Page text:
My drinking befuddles my spouse, every time I succeed in getting her to taste something I get the same response, it tastes the same as the last one. As I have been doing this for my entire career and I, coincidentally, love the stuff, I am always stumped by her reaction.
However, when I teach a so called Master Class, I can see the same confused expression on many faces, but quickly distracted by shouting of flavor notes, “Maritime! Christmas cake! Marzipan!” The list is endless. The truth is, I seriously doubt the majority of the US population knows what marzipan even is. So let us get to the bottom of taste so we can get back to drinking better.
Taste is the one sense that is most closely tied to memory, it is also the first sense to fade as age takes its toll. Just like the rest of our bodies we have to exercise it to keep it strong, no resting on the old nose.
I am referring to the nose and to scent in this case because 80% of what we taste is what we smell. And don’t forget to breathe out through the nose after swallowing…this ‘retronasal’ part will amplify the overall flavor profile. So keep that sniffer tip top.
Reading reviews and books can always give you ideas and different perspectives on flavor, they are not gospel. So trust yourself and try to make comparisons to flavors you enjoyed in your youth, remember that memory part? Think milk chocolates, candy bars, bakeries, running through the woods, or doing yard work for the old man. Hell, maybe it smells like exhaust spewing off the BQE.
Rich aromas of apple cider and berry jam, vanilla frosting covers oak char that intermingles with canned peaches.
More pronounced oak char inspires a fresh maple syrup which seems to envelope banana bread and cocktail nuts. All of this rests comfortably on the palate like a summer weight down comforter, and equally as comfortable to drink.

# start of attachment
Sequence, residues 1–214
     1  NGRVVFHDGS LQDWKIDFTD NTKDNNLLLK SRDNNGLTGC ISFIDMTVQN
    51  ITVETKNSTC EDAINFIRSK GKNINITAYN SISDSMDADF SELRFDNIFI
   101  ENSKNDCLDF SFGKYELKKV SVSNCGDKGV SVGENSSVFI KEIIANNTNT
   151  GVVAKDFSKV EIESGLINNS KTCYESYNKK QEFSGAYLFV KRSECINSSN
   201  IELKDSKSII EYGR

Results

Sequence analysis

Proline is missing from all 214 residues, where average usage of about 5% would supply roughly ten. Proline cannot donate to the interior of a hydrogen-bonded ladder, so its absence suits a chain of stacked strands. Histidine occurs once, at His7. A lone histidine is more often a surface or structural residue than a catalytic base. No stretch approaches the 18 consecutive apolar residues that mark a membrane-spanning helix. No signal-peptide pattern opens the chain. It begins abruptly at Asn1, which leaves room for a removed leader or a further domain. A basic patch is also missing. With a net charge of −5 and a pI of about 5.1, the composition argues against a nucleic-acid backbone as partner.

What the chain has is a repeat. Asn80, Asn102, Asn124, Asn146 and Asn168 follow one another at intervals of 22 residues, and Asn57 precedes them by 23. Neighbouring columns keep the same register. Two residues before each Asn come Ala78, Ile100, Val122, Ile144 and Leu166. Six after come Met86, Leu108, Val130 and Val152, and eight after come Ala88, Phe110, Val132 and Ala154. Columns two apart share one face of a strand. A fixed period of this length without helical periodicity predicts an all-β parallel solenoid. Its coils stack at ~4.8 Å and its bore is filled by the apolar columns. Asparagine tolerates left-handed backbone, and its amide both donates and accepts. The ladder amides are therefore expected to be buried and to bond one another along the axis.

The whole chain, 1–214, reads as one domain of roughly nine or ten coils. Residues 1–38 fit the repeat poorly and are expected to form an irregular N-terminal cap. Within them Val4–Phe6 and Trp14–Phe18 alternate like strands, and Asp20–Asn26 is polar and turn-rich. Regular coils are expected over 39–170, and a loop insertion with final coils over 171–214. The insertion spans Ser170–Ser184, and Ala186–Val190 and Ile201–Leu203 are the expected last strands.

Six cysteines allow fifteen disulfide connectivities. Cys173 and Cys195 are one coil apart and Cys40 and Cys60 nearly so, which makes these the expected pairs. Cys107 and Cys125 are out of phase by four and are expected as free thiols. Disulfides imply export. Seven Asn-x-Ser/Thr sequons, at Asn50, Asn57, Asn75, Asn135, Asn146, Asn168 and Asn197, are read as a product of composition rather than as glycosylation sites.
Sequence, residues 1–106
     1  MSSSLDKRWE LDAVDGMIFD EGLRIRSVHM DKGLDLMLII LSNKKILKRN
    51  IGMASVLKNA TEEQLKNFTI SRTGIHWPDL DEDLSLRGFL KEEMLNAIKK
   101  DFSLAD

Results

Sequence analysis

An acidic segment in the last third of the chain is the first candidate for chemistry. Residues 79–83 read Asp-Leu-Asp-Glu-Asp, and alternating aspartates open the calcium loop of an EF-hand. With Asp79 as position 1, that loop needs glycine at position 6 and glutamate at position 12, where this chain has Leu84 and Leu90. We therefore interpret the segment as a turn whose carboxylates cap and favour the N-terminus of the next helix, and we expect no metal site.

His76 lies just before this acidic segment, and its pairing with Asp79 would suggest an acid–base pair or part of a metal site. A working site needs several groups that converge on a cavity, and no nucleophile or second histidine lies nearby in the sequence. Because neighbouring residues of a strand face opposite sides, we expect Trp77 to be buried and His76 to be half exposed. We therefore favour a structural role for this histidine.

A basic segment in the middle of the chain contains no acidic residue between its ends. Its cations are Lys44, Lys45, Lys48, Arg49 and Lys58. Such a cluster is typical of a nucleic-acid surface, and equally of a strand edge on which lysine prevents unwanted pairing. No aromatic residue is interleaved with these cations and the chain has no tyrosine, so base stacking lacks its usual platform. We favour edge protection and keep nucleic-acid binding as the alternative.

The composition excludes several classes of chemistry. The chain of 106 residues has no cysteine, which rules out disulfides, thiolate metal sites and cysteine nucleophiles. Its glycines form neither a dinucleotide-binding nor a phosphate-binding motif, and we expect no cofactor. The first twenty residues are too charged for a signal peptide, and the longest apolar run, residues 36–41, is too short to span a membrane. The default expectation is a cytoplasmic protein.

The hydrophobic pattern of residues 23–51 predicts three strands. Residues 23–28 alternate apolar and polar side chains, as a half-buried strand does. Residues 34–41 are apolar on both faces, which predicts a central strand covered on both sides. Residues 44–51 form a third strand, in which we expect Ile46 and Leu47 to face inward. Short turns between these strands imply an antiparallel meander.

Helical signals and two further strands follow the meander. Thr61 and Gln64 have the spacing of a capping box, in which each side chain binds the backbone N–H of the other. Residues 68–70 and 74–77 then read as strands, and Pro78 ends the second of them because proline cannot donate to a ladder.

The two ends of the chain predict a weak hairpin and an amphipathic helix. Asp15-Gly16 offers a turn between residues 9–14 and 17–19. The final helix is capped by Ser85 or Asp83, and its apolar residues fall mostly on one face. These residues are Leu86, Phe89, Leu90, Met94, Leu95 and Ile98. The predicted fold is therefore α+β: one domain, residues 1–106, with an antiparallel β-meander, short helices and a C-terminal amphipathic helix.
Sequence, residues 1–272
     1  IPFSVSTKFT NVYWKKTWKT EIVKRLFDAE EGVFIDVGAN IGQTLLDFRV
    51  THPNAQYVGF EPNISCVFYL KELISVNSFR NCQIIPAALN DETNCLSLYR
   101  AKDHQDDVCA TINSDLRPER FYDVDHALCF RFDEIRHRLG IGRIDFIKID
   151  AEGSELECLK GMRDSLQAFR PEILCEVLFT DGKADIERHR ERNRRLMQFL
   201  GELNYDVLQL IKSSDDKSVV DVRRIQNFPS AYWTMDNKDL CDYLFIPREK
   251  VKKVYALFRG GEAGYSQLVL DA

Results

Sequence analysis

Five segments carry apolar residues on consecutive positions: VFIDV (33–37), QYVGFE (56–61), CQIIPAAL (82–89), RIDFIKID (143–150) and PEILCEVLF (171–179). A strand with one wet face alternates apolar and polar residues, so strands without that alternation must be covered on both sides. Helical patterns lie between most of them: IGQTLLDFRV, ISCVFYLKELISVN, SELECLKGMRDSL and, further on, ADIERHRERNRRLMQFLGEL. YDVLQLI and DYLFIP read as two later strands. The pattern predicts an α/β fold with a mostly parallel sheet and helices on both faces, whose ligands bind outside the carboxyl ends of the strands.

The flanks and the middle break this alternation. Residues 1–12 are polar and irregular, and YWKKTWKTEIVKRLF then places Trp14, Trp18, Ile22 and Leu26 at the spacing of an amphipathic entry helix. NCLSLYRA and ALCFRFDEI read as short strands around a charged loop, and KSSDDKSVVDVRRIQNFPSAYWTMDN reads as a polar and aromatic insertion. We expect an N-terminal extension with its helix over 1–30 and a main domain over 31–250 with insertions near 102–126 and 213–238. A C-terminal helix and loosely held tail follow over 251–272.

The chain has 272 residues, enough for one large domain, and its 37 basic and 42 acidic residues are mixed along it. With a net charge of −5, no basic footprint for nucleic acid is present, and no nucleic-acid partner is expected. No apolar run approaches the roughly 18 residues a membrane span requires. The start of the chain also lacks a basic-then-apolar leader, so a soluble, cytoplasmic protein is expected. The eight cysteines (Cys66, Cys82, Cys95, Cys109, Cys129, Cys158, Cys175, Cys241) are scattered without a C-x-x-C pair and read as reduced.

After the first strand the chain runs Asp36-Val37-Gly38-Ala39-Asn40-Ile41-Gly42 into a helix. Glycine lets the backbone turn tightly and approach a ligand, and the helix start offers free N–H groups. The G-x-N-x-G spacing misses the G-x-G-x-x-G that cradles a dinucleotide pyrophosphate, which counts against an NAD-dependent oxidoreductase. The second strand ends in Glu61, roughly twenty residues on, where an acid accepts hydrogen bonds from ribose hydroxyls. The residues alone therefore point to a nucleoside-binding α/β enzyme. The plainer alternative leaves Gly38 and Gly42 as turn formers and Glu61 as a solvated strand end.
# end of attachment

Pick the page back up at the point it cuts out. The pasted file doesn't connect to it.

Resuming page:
The finish goes dry leaving the nuts and a vanilla laced oak char as little more than an invitation to another sip.
All that vanilla cream explodes like the first bite of a Twinkie. The nose also delivers a bright orange marmalade combined with memories of lawn clippings and wild flowers.
At first sip the vanilla mixes it up with the orange and turns bright with lemon zest as a slow moving honey oozes over the palate bringing with it pears and lavender.
The finish is beautifully dry and leaves us with slight toasted oak, coconut husk, and fresh pear.
Johnnie Walker Black Label
Oak and campfire smoke reveal themselves slowly, but eventually turns into a melted toffee candy with loads of nuts and some plum that hides a tease of milk chocolate, similar to the first whiff of a just opened Whitman’s Sampler chocolate box.
When tasted the toffee leads to more of a Werther’s original and caramel creams. After a sweet entry the campfire smoke explodes gently and fills the mouth and reveals flavors of leather, pecan logs, and dried apricots.
The finish is clean and nutty as the smoke slowly dissipates and fades to faint toffee sweetness.
Remember, it is just a drink, sip it, taste, try to understand it, pay attention to the texture, but most importantly you must ask yourself one very simple question: Did you like it?